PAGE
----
I don’t have the answer to fix it because coaches being able to leave at any time means a new name can pop onto the radar in an instant. I do know that this answer they came up with is the wrong one.

6. No position brings more drama in recruiting than quarterback. We have seen quite a bit of it with Notre Dame in the last decade.

Blake Barnett left the class and Brandon Wimbush flipped from Penn State to take his place in 2015. They missed on their top targets in 2016, but backed into flipping Ian Book from Washington State.

It was a mostly uneventful 2017 cycle with the Irish landing Avery Davis and then zero drama when they added an early commitment from Phil Jurkovec in 2018. (The drama came after)

They had their guy in Cade McNamara in 2019, until they didn’t. He flipped to Michigan and they scrambled to add Brendon Clark. Maybe that’s why they went the safe route with Drew Pyne in 2020. They didn’t have to sweat that one at any point in time. They also targeted Tyler Buchner in the next class and he stayed committed the entire way.

It wasn’t Real Housewives levels of drama in the next class when they added Steve Angeli, but they flirted with others, including trying to flip Walker Howard from LSU. It felt like a reality show in the next cycle with all of the will he or won’t he with Dante Moore. He didn’t, so they ended up flipping Kenny Minchey from Pitt.

Notre Dame fans were comforted by having CJ Carr commit very early and never waver from it despite a head coaching change and two offensive coordinator changes. They then went and landed their top guy in this current cycle when they were able to get Knight to jump on board. Since then he’s been a vocal recruiter trying to add talent to the class.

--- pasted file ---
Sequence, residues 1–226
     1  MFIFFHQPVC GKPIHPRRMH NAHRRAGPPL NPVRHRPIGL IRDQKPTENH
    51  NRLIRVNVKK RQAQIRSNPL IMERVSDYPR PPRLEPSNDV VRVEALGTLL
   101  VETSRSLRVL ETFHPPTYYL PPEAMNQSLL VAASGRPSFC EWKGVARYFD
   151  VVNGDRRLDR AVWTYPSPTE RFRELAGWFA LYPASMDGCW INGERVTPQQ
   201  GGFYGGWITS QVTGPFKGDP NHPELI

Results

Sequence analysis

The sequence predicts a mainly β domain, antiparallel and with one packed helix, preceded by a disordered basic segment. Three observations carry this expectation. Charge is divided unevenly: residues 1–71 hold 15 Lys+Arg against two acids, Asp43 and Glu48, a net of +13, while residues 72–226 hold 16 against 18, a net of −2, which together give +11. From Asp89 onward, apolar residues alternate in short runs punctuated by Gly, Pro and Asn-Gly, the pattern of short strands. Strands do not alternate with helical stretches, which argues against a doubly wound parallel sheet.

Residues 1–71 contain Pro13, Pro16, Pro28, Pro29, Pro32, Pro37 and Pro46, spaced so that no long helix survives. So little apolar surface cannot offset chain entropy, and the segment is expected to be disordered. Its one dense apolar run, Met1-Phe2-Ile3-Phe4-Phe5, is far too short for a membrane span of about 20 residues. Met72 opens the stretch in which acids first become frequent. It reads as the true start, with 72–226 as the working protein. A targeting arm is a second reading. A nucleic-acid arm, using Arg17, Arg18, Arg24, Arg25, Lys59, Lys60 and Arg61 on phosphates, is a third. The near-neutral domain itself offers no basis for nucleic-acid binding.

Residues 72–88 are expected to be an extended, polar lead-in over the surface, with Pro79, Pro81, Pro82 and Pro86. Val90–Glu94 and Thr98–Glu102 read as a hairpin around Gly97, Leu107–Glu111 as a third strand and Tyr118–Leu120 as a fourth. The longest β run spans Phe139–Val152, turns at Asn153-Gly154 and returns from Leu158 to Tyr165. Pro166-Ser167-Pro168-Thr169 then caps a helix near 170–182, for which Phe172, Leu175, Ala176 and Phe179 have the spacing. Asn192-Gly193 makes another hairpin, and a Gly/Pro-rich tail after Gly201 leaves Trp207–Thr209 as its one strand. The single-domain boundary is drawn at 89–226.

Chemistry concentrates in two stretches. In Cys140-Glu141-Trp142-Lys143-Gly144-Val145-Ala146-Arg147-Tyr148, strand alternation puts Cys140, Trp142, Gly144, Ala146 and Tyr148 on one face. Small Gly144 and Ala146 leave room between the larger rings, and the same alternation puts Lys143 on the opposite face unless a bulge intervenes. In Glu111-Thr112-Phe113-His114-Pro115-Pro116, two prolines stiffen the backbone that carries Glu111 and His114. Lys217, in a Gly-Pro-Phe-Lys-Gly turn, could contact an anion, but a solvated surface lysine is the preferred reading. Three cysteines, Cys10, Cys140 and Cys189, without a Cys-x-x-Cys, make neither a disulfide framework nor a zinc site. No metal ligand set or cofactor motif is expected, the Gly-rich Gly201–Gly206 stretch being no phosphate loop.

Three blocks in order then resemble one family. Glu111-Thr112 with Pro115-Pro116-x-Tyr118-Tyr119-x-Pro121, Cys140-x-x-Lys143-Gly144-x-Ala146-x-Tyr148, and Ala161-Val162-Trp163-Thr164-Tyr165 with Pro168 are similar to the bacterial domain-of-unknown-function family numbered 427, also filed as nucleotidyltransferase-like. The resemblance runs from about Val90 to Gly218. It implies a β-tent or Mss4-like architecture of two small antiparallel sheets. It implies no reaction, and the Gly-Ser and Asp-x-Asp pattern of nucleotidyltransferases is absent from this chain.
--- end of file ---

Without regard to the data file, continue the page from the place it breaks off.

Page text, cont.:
He’s a special athlete at the position, which means teams weren’t ever going to stop trying to recruit him. He still has Ole Miss and Alabama after him and Notre Dame will have to fight to hold on to his commitment.

The good news is that he already has a couple of important visits set up to get back to Notre Dame. He’ll be there for a practice in March and then return for the spring game.

The potential bad news is that Notre Dame had a similar situation with a couple of elite commits in the 2023 class. Keon Keeley and Peyton Bowen took those visits to Notre Dame while others were in hot pursuit. The staff was never able to get either to shut things down, though. We know what happened there with both.

They can’t let it go on like it did with those two. After these spring visits, they need to convince Knight to shut it all down. They can’t afford to not know where things are headed with the most important position in the class.

Sometimes the biggest recruiting wins are when a staff is able to hold on to a commitment. Keeping Knight committed would be as significant as any other recruit they are able to add down the stretch.